U.S. Pat. No. 5,528,272 discloses the general design of an image sensor array in which a large number of image sensor chips are butted to form a single array and mounted on a substrate. The substrate includes printed circuitry thereon, which connects the various chips to a central socket.
U.S. Pat. No. 6,014,160 discloses a multi-chip scanning bar in which each chip is selectably actuable to allow a “floating” output line; this feature facilitates a basic hardware design of a bar to be operated with serial or parallel output from any subset of chips, based purely on real-time inputs to the chips.
According to one aspect of the present invention, there is provided a photosensitive apparatus, comprising a plurality of photosensors, an output line, and a shift register line for accepting signals over time. A shift register causes an output of signals from the photosensors onto the output line as a result of signals on the shift register line. Readout control means recognize a instruction signal and read out signals on the output line in one of a parallel manner or a serial manner in response to said instruction signal.
It will further be seen that the various OE and VO lines are connected to occupy a relatively small portion of one or another edge of the substrate 14: as shown here, the various VO and OE connections are brought in close proximity so that they may be connected to a removably-connectable socket, such as indicated generally by 18, of a design which is known in the art. Reference may be made to U.S. Pat. No. 5,528,272, referenced above, for the typical appearance of a more practical version of the present embodiment. Of course, the various OE connections and the VO connections could ultimately be connected to a single socket 18, although separate sockets 18 are here shown for clarity.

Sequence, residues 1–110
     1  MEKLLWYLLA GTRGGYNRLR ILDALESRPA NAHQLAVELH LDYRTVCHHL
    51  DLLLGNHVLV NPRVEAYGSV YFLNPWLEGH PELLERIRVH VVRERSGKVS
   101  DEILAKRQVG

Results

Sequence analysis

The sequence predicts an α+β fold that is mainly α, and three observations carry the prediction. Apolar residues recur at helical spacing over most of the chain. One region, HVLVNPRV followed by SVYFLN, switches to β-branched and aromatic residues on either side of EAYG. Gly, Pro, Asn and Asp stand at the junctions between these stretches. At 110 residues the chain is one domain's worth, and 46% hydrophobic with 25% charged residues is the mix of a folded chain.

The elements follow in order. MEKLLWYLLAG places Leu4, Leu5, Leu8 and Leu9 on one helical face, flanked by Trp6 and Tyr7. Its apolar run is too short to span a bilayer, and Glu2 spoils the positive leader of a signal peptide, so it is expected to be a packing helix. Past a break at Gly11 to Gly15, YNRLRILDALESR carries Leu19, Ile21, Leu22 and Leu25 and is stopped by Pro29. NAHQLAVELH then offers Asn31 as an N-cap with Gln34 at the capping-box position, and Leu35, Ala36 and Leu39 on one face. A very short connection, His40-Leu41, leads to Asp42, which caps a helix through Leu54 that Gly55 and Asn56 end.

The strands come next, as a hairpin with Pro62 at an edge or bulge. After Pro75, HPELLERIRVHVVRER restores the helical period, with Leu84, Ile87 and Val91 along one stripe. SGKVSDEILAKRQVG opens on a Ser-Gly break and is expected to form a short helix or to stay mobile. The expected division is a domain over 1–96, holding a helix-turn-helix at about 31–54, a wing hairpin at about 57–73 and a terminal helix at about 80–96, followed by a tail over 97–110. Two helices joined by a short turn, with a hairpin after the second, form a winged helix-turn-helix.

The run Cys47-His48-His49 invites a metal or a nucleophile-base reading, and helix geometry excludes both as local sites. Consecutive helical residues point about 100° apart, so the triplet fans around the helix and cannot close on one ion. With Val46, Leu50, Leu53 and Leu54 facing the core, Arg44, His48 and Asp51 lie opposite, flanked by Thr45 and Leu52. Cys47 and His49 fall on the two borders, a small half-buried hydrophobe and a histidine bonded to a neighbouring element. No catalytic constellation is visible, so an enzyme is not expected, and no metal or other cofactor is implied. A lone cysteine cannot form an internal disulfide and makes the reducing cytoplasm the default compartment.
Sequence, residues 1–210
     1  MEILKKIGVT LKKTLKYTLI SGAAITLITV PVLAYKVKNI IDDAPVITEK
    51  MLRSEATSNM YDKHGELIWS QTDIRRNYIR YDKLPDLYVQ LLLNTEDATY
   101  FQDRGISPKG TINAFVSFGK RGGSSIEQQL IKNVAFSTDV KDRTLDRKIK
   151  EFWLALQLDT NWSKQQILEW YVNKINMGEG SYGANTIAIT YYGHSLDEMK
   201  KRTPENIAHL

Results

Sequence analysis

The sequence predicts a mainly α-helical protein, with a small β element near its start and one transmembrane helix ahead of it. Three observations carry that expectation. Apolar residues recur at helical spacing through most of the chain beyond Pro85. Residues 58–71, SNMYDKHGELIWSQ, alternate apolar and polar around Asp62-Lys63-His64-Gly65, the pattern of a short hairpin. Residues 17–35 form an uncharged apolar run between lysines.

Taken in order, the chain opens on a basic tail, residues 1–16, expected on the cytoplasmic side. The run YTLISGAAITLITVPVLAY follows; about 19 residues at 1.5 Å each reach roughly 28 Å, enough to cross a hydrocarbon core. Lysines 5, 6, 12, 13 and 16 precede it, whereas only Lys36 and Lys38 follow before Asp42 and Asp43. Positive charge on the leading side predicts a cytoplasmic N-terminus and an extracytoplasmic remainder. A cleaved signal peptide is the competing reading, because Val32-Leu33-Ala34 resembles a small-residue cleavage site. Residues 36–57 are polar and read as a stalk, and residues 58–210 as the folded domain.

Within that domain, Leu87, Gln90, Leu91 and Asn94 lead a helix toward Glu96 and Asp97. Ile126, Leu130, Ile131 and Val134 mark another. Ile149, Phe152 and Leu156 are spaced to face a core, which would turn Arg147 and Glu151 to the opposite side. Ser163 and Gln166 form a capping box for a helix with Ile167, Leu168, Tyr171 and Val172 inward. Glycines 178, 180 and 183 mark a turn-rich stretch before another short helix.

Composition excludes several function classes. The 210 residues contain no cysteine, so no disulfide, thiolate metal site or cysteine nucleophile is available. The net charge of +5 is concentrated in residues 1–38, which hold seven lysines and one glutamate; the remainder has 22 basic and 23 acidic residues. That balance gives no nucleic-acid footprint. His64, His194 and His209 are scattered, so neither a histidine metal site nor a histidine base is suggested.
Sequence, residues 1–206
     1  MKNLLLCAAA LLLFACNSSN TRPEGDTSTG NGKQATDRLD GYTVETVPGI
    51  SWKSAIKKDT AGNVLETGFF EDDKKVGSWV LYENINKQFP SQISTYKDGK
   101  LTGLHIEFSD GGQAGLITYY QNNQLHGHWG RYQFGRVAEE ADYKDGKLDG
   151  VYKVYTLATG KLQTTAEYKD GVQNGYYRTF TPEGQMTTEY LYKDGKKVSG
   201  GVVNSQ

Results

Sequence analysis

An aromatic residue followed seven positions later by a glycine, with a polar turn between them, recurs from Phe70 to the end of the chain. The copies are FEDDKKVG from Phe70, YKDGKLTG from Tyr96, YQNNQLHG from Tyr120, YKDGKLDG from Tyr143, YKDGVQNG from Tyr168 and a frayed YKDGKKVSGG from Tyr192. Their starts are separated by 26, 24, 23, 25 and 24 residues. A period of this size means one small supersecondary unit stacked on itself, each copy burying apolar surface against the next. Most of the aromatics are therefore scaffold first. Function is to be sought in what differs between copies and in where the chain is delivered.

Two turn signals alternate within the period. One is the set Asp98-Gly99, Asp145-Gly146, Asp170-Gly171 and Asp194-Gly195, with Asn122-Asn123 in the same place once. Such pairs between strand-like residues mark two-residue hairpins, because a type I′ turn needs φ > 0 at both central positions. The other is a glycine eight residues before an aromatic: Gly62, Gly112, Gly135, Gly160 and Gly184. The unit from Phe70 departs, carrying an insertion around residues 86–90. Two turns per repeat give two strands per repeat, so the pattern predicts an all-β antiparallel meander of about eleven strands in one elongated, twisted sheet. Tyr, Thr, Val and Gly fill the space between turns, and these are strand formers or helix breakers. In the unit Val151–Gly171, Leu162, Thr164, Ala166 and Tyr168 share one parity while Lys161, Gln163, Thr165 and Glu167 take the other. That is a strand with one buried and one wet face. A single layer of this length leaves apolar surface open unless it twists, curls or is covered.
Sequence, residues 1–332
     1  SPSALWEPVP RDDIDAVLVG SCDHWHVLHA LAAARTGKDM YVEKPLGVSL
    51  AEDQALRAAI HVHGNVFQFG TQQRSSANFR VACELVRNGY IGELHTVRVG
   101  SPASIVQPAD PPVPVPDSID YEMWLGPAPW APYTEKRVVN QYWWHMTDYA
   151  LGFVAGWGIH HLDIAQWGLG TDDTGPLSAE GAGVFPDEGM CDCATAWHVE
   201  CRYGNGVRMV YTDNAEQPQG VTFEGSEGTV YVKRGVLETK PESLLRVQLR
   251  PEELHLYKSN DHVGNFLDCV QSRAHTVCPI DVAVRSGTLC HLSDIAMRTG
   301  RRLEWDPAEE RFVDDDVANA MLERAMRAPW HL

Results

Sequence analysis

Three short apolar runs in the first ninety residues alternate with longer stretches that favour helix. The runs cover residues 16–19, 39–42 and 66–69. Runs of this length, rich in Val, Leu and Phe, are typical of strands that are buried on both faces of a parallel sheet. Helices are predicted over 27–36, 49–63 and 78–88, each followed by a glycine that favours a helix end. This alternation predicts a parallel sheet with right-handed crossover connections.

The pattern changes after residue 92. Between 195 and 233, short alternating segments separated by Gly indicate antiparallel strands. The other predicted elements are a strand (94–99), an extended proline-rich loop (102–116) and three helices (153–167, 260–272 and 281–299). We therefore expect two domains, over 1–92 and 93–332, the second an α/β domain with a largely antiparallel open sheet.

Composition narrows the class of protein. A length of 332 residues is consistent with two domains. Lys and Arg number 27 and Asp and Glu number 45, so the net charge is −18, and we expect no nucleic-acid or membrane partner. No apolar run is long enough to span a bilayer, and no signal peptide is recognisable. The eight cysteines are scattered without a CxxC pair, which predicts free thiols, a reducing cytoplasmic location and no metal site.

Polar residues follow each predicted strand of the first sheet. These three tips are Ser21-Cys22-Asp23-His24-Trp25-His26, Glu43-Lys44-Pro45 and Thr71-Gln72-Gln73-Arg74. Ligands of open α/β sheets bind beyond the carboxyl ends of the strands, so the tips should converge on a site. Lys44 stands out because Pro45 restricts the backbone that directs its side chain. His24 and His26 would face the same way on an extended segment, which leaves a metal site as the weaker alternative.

With continuing reference to
For purposes of the present invention, chip 12 includes an “shift register in” or “output enable” input line SRIN/OE which connects to the shift register 24 and, when activated, causes the shift register 24 to sequentially output the image-related charges on photosensors 20 to the video out line VO. Equivalents of the output enable line OE will be apparent in just about any type of photosensor chip, whether of the CMOS or CCD variety. What is important is that, when a signal is entered on to the OE line, in response thereto, the image signals are output on video out line VO. When the OE line is in the form of an input to a shift register to create an SRIN/OE line, as in this embodiment, the SRIN/OE line accepts a short pulse, in effect a digital “1,” which moves through the stages of the shift register 24, typically in coordination with regular pixel clock signals, as will be described in detail below. As the digital 1 moves through the stages of the shift register 24, the transfer circuit 22 associated with each stage is caused to output its signal (from its corresponding photosensor 20) onto the video out line VO, thus reading out the image signals across the chip 12. At the end of the shift register, the digital “1” appears as a pulse on the shift register out line SROUT.
An essential feature of the bar 10 in
Once it is determined specifically how many output channels are required by the downstream circuitry, such as in a digital copier or facsimile machine, the suitable outputs from the video lines can be manipulated to yield the desired number of parallel channels by deliberate sequencing of signals to the output enable lines OE.
Looking first at the serial output system of
According to one embodiment, given a particular circuit design of each chip, the “handoff” of the digital 1 from the shift register of one chip to the next is characterized by a brief pulse on the SROUT line of the first chip becoming the first SRIN signal on the next chip, as shown in the signal forms in the Figure. (The handoff can be accomplished either through a direct wire connection, as shown as 40 in
Looking at the parallel output system of
To summarize the two modes of operation, with a serial readout, the shift register lines of the chips are connected, and the handoff of readouts between chips is characterized by a short pulse; with a parallel readout, each chip, which is independently controllable, is effectively turned on in a predetermined time window, with the SRIN/OE line for each chip being raised high for a relatively extended period of time.